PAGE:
Implementing cognitive rehabilitation for people with Multiple Sclerosis: translating research into clinical practice

Mhizha-Murira, Jacqueline Rufaro (2019) Implementing cognitive rehabilitation for people with Multiple Sclerosis: translating research into clinical practice. PhD thesis, University of Nottingham.

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Abstract

People with multiple sclerosis frequently report cognitive problems, which can affect function and quality of life. Although the effectiveness of cognitive rehabilitation to address these problems is evaluated in research studies, inadequate reporting of the content of the interventions may hamper clinical implementation. This research aimed to explore avenues to increase the clinical impact of trials of cognitive rehabilitation through the development of a clinician­informed, evidence­based checklist to guide researchers to better report cognitive rehabilitation studies in MS. The overarching design was exploratory mixed-methods, involving three separate intertwining studies.

Study one: A systematic review of descriptions of the content of cognitive interventions to document salient details and omissions in reporting. Ten electronic databases were searched, and 54 studies involving various types of MS and techniques to improve difficulties with memory, attention and executive function were included in the review. The results showed that important features of cognitive rehabilitation were not reported well. This was particularly in relation to the content of interventions (reported completely in 48% of the articles), how the interventions were delivered (reported completely in 44% of the articles) and the mechanism of action of the interventions (reported completely in 39% of the articles).

Study two: A video-based observational study, using time-sampling and content analysis to examine the content of treatment sessions delivered within the Cognitive Rehabilitation of Attention and Memory in MS (CRAMMS) trial. A total of 252 completely recorded treatment session videos were observed and coded. Content analysis indicated that all components of the CRAMMS manual were delivered as planned (intervention fidelity). The most frequently discussed topic for both therapists and the people with MS related to memory and attention coping strategies (17% and 16% of observations, respectively). Findings from studies one and two were integrated and informed the initial questionnaire for study three.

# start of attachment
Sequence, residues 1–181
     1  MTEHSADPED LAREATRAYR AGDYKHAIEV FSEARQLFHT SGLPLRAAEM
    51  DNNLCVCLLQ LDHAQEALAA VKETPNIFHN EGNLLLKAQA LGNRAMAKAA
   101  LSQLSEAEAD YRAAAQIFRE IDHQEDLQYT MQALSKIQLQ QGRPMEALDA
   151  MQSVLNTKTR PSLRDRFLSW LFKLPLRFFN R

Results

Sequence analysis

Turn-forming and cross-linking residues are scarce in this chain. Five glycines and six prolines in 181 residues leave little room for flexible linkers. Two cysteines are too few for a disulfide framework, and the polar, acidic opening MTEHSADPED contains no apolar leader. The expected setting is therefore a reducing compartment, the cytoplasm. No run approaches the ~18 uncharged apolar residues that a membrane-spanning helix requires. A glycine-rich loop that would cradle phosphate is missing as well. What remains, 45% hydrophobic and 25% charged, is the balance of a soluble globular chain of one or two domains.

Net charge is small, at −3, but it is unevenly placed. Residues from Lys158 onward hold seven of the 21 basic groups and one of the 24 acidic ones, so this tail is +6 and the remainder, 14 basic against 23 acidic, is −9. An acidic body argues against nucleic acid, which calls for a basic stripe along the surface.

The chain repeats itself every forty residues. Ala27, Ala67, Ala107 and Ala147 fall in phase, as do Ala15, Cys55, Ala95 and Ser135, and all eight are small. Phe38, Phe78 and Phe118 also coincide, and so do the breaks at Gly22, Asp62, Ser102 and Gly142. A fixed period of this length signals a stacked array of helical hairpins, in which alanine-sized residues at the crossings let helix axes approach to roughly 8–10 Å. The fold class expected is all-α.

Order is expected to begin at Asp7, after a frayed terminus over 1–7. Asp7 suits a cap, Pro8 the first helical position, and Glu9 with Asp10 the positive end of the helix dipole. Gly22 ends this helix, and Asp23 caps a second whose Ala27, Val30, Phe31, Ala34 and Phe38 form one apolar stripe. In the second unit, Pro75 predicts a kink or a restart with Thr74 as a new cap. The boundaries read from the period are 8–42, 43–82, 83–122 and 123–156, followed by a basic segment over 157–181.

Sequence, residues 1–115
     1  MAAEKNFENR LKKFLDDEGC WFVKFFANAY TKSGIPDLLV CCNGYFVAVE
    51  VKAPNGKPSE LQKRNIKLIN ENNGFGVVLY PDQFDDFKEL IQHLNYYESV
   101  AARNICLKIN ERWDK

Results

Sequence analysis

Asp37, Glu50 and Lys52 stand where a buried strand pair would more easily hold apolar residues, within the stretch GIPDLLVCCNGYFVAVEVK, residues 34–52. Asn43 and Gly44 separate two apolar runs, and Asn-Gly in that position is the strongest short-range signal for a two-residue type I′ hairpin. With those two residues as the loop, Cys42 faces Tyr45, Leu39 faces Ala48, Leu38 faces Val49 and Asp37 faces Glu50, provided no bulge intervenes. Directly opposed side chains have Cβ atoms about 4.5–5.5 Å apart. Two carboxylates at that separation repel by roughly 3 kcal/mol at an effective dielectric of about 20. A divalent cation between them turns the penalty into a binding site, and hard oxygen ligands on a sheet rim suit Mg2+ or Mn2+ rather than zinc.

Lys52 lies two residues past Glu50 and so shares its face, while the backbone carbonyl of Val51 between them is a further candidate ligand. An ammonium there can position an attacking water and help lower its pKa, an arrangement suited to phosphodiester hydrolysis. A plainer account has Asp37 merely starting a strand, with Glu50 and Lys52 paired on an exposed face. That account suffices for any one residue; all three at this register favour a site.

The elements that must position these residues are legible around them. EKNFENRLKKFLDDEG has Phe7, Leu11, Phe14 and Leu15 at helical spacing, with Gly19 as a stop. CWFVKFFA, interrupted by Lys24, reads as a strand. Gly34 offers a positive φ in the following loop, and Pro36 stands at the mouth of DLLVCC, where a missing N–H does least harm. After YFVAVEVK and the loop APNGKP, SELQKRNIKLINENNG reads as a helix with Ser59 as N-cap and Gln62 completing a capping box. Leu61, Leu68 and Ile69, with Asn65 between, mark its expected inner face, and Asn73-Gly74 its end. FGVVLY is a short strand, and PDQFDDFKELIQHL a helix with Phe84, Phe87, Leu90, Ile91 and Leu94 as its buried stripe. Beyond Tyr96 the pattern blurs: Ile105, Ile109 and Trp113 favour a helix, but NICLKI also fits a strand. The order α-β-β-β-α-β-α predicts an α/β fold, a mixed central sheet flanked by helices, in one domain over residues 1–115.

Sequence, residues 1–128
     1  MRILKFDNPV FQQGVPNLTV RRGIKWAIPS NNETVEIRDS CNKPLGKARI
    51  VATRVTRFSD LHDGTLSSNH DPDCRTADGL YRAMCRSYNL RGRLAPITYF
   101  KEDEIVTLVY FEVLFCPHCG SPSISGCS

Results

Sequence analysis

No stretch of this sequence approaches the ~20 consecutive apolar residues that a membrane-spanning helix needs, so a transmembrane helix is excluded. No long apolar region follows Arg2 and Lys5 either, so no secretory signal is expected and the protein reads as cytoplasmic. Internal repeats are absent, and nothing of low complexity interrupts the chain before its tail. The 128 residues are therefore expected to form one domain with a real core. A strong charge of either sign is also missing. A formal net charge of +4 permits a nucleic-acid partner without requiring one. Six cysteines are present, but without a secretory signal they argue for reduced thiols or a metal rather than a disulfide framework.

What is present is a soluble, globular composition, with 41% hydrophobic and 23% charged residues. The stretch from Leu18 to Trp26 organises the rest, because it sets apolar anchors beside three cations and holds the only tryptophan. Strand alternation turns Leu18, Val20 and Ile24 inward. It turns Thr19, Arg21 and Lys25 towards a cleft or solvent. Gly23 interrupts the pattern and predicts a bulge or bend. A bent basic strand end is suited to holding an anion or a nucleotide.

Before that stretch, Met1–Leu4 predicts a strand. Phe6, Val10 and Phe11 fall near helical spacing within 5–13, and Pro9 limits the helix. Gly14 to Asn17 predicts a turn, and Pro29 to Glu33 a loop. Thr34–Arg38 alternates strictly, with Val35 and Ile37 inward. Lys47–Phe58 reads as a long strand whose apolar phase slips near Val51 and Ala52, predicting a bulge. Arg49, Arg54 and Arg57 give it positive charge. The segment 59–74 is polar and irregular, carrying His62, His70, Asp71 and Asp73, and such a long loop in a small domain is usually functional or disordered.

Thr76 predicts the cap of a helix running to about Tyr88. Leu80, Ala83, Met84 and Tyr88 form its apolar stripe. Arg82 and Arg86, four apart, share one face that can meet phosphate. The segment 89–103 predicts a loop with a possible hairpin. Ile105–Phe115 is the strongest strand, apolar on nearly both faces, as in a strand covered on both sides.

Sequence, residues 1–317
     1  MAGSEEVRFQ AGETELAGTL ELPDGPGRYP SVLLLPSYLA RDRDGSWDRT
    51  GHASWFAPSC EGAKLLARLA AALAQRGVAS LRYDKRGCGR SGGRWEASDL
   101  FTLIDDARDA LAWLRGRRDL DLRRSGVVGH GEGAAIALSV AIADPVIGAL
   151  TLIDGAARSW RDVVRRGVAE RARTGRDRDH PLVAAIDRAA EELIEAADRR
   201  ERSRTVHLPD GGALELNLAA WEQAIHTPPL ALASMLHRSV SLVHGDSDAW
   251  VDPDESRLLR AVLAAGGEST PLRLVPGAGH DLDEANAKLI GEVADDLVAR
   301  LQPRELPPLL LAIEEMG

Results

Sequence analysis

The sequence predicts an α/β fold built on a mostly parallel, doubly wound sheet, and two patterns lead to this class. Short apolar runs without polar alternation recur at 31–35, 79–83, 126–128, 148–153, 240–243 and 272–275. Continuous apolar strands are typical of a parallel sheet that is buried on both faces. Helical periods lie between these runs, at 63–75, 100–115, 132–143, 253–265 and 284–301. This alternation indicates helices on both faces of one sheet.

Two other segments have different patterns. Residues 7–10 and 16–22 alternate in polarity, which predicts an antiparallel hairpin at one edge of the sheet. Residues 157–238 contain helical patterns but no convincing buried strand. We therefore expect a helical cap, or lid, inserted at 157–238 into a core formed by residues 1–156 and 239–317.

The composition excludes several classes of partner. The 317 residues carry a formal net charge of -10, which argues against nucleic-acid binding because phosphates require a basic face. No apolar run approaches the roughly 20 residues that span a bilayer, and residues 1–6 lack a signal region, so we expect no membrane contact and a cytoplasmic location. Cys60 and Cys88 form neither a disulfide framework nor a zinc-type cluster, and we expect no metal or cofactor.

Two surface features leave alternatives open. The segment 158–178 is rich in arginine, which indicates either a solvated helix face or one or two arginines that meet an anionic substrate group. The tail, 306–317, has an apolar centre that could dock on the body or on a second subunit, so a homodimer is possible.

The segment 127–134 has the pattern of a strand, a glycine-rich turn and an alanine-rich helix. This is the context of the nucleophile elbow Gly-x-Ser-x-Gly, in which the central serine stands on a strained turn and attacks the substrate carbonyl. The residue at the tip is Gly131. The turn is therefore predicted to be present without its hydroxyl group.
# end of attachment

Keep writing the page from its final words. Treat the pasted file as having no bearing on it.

Study three: A modified Delphi consensus study of three rounds, with clinicians and researchers who deliver cognitive rehabilitation to people with MS. This was conducted to ascertain the key aspects of cognitive rehabilitation that research studies should report to enable implementation in clinical practice. ‘Experts’ were asked to rate the importance of a number of reporting statements for inclusion in a reporting checklist (from low importance to high importance). Fourteen experts completed all three rounds. Based on the pre-specified criteria, consensus was achieved for 29 reporting statements. These statements were subsequently grouped based on how the expert panel rated their importance, forming a Priority 1 and 2 list of reporting statements. The checklist with the reporting statements should be used by researchers to describe cognitive rehabilitation programmes in the published literature.

The evidence-based, clinician-informed checklist developed in this research is important because it will enable researchers to report important aspects of complex cognitive rehabilitation interventions. This should be regarded as the first step towards the implementation of such research in clinical practice.

Item Type: Thesis (University of Nottingham only) (PhD)
Supervisors: Drummond, Avril
das Nair, Roshan
Keywords: Cognitive rehabilitation, Multiple sclerosis, Implementation, Quality of reporting
Subjects: W Medicine and related subjects (NLM Classification) > WL Nervous system
Faculties/Schools: UK Campuses > Faculty of Medicine and Health Sciences > School of Health Sciences
Item ID: 56468
Depositing User: Mhizha-Murira, Jacqueline
Date Deposited: 21 Aug 2019 14:15
Last Modified: 19 Oct 2020 07:22
URI: http://eprints.nottingham.ac.uk/id/eprint/56468

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